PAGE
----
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One of these, an attack video against Cllr Fielding, was launched, and promoted, days before the election, reaching over 5,000 Facebook accounts (watch on YouTube here). It secured 583 interactions, more than treble the Council Leader’s losing margin. Subsequent financial contributors thanked Miah for his role in getting Mark Wilkinson, a retired police officer, elected. 

Also, a very short time before the election a ‘Statement’ was published by the Wilkinson-run Failsworth Independent Party (the FIPs), deriding Cllr Fielding and alleging ‘dirty tricks’ by both him and his activists. It was immediately re-posted on the Recusant Nine Facebook page.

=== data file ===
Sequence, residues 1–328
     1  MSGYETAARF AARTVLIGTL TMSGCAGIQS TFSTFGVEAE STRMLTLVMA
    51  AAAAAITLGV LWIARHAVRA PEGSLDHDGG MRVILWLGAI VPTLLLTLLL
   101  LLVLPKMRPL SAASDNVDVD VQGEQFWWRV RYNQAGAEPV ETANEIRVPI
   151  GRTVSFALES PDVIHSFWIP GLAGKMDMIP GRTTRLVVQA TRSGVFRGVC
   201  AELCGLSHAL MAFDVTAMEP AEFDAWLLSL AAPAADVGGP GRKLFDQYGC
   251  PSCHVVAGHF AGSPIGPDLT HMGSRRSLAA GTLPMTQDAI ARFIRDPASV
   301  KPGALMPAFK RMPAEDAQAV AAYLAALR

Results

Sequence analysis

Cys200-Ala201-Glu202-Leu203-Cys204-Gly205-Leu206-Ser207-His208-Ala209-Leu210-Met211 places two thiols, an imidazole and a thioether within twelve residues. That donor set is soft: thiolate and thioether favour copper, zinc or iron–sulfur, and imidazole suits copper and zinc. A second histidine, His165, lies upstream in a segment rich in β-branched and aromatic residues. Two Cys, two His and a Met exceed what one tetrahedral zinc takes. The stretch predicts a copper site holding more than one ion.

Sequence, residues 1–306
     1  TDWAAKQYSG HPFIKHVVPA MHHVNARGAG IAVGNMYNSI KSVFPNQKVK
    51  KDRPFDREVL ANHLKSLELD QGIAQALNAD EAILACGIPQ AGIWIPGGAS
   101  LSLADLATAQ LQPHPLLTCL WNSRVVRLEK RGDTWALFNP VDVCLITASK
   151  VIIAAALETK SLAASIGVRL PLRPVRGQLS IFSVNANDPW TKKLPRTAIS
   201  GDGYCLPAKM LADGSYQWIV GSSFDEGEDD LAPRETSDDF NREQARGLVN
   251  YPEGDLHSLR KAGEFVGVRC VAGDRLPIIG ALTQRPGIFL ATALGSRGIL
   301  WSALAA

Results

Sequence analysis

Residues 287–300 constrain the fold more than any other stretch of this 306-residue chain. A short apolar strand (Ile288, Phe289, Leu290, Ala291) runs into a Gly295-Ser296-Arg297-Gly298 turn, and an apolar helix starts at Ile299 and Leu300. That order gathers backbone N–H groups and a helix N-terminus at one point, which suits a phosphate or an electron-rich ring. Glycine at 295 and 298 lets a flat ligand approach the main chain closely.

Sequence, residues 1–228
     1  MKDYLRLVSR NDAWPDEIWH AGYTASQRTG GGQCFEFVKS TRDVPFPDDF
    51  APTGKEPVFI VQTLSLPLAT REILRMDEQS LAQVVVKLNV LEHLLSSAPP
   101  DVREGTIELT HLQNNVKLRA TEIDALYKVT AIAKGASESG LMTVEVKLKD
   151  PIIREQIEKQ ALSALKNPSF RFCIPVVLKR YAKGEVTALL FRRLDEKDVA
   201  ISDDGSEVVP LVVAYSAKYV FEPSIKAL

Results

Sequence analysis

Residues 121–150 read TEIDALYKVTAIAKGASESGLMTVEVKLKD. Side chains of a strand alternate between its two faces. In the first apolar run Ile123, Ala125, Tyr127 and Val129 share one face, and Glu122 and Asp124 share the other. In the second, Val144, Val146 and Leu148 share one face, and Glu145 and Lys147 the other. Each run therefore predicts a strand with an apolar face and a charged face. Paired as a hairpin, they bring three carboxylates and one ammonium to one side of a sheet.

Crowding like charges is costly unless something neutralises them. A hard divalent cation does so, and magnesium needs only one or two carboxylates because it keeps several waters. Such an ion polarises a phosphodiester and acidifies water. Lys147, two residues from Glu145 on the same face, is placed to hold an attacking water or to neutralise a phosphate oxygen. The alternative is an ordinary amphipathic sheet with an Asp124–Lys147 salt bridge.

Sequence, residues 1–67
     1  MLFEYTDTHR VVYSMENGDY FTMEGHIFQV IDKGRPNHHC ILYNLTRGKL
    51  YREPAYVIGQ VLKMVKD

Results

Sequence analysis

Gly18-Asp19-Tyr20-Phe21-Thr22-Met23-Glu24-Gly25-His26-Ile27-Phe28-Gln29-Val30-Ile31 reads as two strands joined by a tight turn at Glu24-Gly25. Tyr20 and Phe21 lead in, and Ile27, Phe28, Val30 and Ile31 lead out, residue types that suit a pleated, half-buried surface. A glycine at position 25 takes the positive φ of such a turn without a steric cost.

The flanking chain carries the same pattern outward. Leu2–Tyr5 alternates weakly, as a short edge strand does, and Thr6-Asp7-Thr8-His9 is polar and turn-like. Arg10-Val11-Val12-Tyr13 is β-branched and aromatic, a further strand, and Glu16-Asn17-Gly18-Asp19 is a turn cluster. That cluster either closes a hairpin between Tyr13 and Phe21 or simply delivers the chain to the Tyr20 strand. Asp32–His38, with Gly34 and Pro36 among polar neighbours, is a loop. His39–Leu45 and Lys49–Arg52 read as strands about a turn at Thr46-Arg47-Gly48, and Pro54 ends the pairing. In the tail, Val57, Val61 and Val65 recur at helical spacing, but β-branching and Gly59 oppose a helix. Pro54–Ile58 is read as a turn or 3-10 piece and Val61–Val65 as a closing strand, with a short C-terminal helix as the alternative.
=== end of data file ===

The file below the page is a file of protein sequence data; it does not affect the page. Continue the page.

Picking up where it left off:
The attack was ill-grounded, lacking in substance and appeared to contain several falsehoods (read more here). But, by the time a response was delivered by Labour Party lawyers, on behalf of Sean Fielding, it was all too late and the damage very probably done. 

Valent say that it is notoriously difficult to influence the way people intend to vote, but there are three reasons why sustained activity in smaller Facebook (or WhatsApp) groups like this might be effective:

1. They are using the kind of divisive, emotive content that tends to transmit further, faster, and deeper online.

2. They start early (and keep going) something Josh Kalla, a data scientist at the University of Yale, thinks might be linked to political persuasion (read here) 

3. They encourage sustained engagement at a local level, as can be seen from the links between Recusant Nine and various other local Facebook groups like Spotted Failsworth (see here), which is likely to make conspiracy theories more believed and more durable.